Hugh Hoikwang Kim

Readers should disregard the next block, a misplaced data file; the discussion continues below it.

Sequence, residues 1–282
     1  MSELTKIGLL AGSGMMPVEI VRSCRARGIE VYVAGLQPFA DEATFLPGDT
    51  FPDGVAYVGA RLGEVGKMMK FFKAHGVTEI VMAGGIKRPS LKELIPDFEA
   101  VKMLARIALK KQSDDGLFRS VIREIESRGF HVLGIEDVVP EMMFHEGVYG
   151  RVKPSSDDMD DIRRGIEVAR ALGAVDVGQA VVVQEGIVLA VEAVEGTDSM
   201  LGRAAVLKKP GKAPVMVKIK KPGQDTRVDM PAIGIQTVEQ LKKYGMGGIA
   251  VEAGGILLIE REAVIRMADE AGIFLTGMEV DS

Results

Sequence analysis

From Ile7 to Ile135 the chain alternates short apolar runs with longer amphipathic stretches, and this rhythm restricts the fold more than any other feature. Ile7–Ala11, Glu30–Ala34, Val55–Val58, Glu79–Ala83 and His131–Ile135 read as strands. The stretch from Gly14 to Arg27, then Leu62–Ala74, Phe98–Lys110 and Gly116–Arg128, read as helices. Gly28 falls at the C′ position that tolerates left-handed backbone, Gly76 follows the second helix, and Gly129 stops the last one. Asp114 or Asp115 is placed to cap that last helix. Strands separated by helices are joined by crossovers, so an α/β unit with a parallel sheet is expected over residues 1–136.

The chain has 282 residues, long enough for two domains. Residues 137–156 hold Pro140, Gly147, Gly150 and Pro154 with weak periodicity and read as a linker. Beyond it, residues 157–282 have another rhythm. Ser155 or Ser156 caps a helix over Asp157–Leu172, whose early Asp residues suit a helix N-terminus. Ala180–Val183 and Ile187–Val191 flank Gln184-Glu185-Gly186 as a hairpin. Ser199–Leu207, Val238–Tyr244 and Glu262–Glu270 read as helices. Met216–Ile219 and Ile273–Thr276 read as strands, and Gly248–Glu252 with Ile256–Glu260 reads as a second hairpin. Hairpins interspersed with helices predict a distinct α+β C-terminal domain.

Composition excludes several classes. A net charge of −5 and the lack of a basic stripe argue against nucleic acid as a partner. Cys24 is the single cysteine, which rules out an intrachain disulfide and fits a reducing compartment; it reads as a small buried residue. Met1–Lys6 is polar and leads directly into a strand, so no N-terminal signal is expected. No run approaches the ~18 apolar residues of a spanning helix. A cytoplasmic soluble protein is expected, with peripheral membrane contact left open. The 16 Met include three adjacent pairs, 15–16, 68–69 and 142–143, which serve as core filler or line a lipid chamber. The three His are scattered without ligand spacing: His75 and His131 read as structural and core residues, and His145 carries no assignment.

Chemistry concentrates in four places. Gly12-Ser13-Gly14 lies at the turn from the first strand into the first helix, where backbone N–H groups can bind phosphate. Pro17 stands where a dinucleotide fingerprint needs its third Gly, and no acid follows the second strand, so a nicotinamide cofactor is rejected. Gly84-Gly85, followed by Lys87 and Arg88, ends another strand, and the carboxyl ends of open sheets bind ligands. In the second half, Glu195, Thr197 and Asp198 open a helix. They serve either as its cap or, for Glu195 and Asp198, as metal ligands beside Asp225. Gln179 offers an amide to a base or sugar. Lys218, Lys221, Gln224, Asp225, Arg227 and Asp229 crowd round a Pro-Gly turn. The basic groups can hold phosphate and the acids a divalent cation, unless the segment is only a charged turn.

Abstract —This paper investigates the theoretical impact of including two empirically-grounded innovations in a lifecycle portfolio choice model. The first innovation is a portfolio adjustment cost which employees face when managing their financial wealth rather than delegating the task to a professional money manager. When job-specific human capital is accumulated through learning-by-doing, investing time in financial management imposes opportunity costs in terms of current and future human capital accumulation. The second innovation is the incorporation of age-dependent efficiency patterns in financial decision making. These two innovations replicate observed inactivity in portfolio adjustment patterns, especially for younger and older employees. This framework also allows an analysis of the choice between managing one’s own money and delegating the task to a financial advisor. The calibrated model quantifies welfare gains that the delegation option can bring to the lifecycle setting.